James Iha waited 14 years to release his sophomore solo record, and it's become an unnexpected surprise.
When James Iha released his solo debut in 1998 entitled Let It Come Down, most Pumpkins fans (of whom the majority of his audience was comprised) were expecting it to come down—but in that fun altnerna-rock kind of way. Many anticipated a more precise and focused sound that the Pumpkins (at the time in the height of their popularity) were famous for. Instead it all came down in a completely separate and more confounding manner. Who was this oddly quirky and soulful singer singing border-line country ditties, with rarely an electric guitar to be found anywhere on the record? The album was confusingly hypnotic, but not entirely in a good way—almost as if at times you want to rip your ears off, but kept delaying because you were enticed enough to continue listening.
At the time that Come Down was released, the internet had yet to restructure the musical landscape, and the soon to be popularized sound of acoustic soul had yet to emerge—bands like Iron & Wine and Stars had yet to be discovered. Little did we know just how far ahead of his time Iha was? An album that sounded out-of-place in 1998 would fit perfectly into today's musical landscape. And yet, it took Iha more than 14 years to release a follow-up. In between, Iha left the Pumpkins rather unceremoniously (as per reports from Corgan), joined A Perfect Circle, began producing albums for other acts, scored a bunch of films, guest appeared on a variety of other records, and all the while recording material for his long awaited (is that the word? Was it "awaited"?) follow-up. For reasons unknown, Iha embarked on a different promotional gamut by releasing Look to the Sky in Japan before making the trek across the ocean to the North American market. A move that may have helped ease the more conventional music listening public in America warm up to his soft crooner style. Well, no such cushion was needed on such a fittingly romantic and pleasing record.
Look to the Sky begins with a soft plucking of an acoustic guitar lightly accented by a Rhodes as James sings: "You rush in with stars in your hair / You cast your spell and float through the air". "Make Believe" sets the tone for a perfectly crafted mellow and romantic album that shouldn't be completely unexpected, but somehow is. Remarkably, Iha's lyrics, which will sound shrill and silly to the ears of pretentious hipsters that take their music far too seriously, is lightly accented with simple rhyme structures—as they are meant to be set to such almost fragile music. After suffering through the tumult and angst of the '90s where poeticism reigns supreme, there is a grace in being able to say something eloquently, with childlike precision. There's no need to overplay it, and Iha manages to convey his emotions with a straightforward exchange. Sometimes, expression doesn't need to be wrapped in impossibly idiotic and overly needless complicated trite. Sometimes, you can simply say: "I love you", or something to that effect. That is what Iha manages to do with Look to the Sky.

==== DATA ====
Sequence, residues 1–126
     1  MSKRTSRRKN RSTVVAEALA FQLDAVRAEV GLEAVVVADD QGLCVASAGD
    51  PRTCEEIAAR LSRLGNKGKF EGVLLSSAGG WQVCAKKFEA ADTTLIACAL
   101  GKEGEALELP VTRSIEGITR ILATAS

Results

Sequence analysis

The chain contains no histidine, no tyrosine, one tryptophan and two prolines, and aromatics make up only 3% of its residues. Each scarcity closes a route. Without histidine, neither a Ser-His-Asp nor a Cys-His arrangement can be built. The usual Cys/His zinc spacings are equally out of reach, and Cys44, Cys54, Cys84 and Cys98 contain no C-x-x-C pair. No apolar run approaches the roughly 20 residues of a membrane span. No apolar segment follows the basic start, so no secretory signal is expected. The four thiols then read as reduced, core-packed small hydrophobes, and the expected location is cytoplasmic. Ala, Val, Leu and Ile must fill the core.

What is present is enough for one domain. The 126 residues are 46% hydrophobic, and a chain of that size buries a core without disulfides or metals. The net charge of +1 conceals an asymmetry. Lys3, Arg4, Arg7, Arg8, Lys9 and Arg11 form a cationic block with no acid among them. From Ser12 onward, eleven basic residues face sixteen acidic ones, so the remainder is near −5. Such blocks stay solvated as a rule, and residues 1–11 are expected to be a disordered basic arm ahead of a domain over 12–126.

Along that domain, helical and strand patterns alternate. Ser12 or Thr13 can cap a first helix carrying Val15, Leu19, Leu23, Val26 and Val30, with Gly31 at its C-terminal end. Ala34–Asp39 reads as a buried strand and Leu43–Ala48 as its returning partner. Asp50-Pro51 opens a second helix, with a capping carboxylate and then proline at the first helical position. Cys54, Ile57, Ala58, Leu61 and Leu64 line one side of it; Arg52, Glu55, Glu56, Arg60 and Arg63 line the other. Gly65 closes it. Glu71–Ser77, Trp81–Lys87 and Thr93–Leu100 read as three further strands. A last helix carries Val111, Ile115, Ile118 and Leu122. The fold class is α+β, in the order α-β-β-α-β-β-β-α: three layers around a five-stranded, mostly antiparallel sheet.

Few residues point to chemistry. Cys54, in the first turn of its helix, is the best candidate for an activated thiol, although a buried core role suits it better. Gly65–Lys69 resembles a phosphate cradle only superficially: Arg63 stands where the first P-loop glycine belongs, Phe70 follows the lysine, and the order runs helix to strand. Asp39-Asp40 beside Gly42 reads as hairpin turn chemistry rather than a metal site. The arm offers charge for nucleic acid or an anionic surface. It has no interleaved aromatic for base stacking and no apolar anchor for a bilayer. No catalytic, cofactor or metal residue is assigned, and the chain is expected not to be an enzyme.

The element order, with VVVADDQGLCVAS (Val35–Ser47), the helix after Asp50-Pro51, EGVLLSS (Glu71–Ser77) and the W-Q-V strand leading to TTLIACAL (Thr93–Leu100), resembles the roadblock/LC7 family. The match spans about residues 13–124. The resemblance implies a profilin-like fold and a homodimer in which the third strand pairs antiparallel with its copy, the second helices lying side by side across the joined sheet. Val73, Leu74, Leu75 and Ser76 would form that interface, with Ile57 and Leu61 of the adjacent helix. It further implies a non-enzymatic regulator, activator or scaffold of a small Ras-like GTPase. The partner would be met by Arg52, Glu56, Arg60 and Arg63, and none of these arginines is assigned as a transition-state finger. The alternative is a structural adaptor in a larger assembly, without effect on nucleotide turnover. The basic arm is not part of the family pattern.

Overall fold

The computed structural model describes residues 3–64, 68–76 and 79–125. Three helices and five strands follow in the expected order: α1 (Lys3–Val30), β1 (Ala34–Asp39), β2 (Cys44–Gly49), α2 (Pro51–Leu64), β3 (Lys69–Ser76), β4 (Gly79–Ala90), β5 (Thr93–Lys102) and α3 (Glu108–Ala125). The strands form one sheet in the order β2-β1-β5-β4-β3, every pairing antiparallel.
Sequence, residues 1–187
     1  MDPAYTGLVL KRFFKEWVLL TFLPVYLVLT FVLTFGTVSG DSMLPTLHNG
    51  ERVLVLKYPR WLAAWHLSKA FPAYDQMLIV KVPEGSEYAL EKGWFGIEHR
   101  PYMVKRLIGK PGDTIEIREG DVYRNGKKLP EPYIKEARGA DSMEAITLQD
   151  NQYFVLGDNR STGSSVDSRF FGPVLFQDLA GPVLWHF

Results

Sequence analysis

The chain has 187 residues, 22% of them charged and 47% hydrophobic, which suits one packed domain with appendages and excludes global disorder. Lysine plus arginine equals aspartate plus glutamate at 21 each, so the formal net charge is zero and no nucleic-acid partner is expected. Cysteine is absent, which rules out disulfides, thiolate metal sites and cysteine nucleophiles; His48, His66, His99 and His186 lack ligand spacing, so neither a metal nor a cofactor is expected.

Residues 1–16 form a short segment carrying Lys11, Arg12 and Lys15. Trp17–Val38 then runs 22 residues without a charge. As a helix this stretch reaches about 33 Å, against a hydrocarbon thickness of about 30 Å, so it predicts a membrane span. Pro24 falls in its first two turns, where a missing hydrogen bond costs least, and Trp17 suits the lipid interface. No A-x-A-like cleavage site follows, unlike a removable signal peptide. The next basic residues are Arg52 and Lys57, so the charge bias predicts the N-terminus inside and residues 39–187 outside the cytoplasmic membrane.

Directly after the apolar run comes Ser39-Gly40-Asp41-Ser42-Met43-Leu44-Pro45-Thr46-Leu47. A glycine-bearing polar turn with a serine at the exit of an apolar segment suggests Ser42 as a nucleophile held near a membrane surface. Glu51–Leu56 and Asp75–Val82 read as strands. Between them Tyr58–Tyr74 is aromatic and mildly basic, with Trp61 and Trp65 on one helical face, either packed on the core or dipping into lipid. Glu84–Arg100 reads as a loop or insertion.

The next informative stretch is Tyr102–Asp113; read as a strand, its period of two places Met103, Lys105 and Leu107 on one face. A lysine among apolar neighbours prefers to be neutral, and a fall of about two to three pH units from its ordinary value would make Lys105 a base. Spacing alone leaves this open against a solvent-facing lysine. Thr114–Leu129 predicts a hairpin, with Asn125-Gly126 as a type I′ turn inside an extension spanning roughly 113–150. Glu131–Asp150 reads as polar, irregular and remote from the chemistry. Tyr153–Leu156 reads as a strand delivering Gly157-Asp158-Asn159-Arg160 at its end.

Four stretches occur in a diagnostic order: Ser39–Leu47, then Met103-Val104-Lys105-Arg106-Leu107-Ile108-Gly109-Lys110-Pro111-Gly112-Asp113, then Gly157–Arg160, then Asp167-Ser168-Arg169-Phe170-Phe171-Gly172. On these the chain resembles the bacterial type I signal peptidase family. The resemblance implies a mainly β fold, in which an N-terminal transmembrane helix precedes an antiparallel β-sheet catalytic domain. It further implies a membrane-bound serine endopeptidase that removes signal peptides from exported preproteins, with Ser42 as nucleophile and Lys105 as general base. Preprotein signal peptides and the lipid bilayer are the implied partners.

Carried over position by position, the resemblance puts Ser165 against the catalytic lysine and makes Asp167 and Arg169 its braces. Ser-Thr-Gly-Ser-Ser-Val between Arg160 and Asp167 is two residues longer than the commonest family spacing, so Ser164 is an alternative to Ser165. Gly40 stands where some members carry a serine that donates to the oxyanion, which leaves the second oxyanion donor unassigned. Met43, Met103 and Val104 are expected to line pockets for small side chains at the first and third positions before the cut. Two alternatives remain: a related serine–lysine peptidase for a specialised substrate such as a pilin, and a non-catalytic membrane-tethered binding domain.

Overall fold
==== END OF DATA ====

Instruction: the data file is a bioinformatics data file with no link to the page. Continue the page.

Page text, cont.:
The album is that rare instance when lyrics can't be logistically separated from the atmosphere of the musical accompaniment. They exist within each other, accenting one another in such a way that one without the other wouldn't make quite a lot of sense. It's something that many singer/songwriters aspire to, and most fail to accomplish. In the fourteen years between Let It Come Down and Look to the Sky, you get the distinct impression that Iha has spent his time observing and learning and honing his craft to create a symbiotic album melding melody, music and lyric into one cohesive whole. The apt title Look to the Sky, says it all—the album is best listened to with headphones in the middle of the night staring at the sky. Not to imply that this scenario is the only way one can enjoy the album, but it does serve for the optimal listening experience. And with so many rushes through music and disposability, it’s refreshing to come across a record that isn't afraid to soften the tone, slow the pace, and emanate love.
Beyond the sometimes impossibly serene tunes like "Dream Tonight" or "Dark Star" exists the one sore thumb and misstep on this record—it's actually the precise reason why this album isn't rated a 9. "Appetite" comes right smack dab in the middle with it's augmented chord structure, abrasive drum beat, and jazz infused hard piano playing. It sticks out like crazy and really has no place in such a warm collection of tunes. It's a little confounding to try and think why James felt it necessary for its inclusion here, especially given its sonic discord from the rest of the album. However, clocking in at 14 tracks with a running time of just under an hour, skipping this track doesn't leave a hole in the rest of this beautiful and calming record from a man who's roots started in a band whose sole purpose was to provoke and unnerve.